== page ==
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Subject: Cleaning stone

Cleaning stone

From: Virginia Naude <vnaude>
Date: Monday, September 24, 2001
I want to comment on the recent queries and responses about stone
cleaning. Let's back up and look at some basic issues, for the
benefit of those of us who have been involved for many years and for
others who are considering a first stone treatment.  At the risk of
being obvious, I want to point out that it is not always necessary
or appropriate to clean stone.  This applies to stone sculpture
indoors as well as to monuments and buildings.

Cleaning stone is an irreversible process.  The goal of the
treatment should be clearly understood by the owner/agent/curator
and conservator. In order to prevent physical damage or loss of
information during cleaning, all the examination and testing
procedures familiar to professional conservators should be carried
out.  The stone object will be best served when technical decisions
about materials and techniques evolve from collaborative
deliberation and review of testing results.

There have been several replies on this list recommending JOS
cleaning.  JOS is a low pressure, micro abrasive system that was
developed commercially in Germany.  It is used for some other
materials besides stone but this note addresses only use on stone.
There are several types of JOS equipment and a selection of nozzles
presently available. The JOS cleaning system accommodates a variety
of media.

Most common in the U.S. at this time is the use of a nozzle that can
deliver air, media and water simultaneously.  The most frequently
specified media, I believe, is glass.  Anyone can purchase the
equipment and order the media but operators of the system are
supposed to be trained by a representative of the parent company.
Some conservators own and operate JOS systems, but stone specialist
contractors are carrying out most of the work currently in progress.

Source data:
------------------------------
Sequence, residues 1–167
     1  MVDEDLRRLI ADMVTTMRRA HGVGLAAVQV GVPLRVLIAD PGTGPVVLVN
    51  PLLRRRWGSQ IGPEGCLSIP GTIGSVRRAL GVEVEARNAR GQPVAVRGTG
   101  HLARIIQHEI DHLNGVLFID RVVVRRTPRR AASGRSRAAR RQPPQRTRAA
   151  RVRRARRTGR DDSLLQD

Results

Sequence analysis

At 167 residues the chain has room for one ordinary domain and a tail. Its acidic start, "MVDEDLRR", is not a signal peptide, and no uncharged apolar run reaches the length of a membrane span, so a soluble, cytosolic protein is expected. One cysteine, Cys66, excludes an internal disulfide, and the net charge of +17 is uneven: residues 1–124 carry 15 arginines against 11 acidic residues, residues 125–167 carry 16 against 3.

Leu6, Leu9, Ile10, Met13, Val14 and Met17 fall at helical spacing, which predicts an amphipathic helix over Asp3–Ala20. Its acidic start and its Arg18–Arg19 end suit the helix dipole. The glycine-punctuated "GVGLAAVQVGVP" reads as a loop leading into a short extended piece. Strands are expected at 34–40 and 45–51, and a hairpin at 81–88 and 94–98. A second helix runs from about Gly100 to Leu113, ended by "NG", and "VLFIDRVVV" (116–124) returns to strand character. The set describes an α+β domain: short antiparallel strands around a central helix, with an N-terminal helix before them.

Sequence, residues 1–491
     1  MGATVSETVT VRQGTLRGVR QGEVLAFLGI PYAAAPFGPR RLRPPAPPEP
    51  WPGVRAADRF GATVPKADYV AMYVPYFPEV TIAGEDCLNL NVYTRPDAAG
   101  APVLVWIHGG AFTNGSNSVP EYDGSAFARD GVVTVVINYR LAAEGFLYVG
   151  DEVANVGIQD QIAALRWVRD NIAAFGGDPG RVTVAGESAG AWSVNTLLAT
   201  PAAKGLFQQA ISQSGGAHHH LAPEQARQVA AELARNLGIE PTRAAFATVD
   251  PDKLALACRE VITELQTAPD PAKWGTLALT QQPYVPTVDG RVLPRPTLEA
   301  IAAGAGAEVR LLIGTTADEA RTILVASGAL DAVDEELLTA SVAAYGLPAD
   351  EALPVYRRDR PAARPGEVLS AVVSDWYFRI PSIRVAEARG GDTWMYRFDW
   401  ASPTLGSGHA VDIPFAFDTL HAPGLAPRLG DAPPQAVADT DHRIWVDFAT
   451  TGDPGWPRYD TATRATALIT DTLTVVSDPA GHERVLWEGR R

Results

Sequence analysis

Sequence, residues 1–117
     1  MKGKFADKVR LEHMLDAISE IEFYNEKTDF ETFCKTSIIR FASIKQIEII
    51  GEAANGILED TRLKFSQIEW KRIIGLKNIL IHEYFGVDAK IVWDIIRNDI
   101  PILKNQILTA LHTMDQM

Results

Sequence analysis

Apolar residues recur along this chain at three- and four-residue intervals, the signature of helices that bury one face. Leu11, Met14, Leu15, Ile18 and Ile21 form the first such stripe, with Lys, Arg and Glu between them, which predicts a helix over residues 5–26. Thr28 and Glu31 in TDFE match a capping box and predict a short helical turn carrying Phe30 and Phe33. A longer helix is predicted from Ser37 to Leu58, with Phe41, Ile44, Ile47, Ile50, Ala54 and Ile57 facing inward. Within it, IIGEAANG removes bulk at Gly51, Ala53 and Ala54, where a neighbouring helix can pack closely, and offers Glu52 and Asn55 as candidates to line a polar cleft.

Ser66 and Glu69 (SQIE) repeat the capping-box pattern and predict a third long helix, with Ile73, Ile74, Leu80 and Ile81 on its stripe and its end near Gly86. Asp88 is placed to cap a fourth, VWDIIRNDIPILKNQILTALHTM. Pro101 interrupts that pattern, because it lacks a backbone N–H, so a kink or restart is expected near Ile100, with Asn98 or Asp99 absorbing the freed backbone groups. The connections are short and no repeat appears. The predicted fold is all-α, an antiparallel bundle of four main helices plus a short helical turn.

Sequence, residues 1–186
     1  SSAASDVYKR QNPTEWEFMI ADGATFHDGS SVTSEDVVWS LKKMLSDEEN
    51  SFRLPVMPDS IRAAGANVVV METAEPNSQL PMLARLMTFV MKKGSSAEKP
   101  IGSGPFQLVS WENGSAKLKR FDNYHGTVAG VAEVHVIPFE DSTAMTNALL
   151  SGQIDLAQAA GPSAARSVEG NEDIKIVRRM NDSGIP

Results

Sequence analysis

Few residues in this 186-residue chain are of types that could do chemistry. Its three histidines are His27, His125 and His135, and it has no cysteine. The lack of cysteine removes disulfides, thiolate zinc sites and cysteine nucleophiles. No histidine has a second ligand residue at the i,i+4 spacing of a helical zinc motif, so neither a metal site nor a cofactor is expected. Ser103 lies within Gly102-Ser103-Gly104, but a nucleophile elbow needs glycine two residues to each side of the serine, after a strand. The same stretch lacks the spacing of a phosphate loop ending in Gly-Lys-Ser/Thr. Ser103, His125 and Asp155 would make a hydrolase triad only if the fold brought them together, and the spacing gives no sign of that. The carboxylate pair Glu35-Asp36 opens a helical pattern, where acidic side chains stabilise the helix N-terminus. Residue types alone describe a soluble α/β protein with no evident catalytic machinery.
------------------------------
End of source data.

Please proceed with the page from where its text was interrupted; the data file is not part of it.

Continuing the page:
The JOS micro-abrasive system, maintained at low pressure, can
provide the best solution for cleaning stone in some outdoor
situations but by no means all situations.  Not only has the JOS
system been observed to have different cleaning effects on different
stone, it has been observed to have dissimilar results on the same
stone at different locations.

Testing is essential. Competency and conscientiousness on the part
of the operator is fundamental.  It would be misleading to say that
JOS does not damage stone without defining "damage". There is
definitely some material removed from the surface, although
extremely small.  This is documented in a publication:

    Mossotti, V.G., Eldeeb, A. R., Fries, T.L., Coombs, Mary Jane,
    Naude, V.N., Soderberg, Lisa and Wheeler, G.S., in press The
    effect of selected cleaning techniques on Berkshire Lee marble:
    a scientific study at Philadelphia City Hall: U.S. Geological
    Survey Professional Paper 1635 (CD-ROM).

It will be available in early 2002 from

    USGS Information Services
    Box 25286
    Denver Federal Center
    Denver, CO 80225

The publication reports on a collaborative study in 1995 by
conservators, architects and scientists. It is based on field tests
of 8 methods in 4 different soiling conditions.  Over 150 cores were
taken for analysis by USGS scientists.  Results of analysis were
reviewed by the team.  JOS, using dolomite as the media, was one of
three treatments that fulfilled the goals of the client and the
criteria of the design team. The JOS system, combined with water
misting to reduce sulfation crusts, is being used currently on the
marble ashlar and carvings at Philadelphia City Hall. Supervision of
the contractor's JOS-trained operators by the architect and
conservator is very important to maintain awareness of cleaning
goals and treatment design.

                  Conservation DistList Instance 15:26
               Distributed: Wednesday, September 26, 2001
                       Message Id: cdl-15-26-002
Received on Monday, 24 September, 2001

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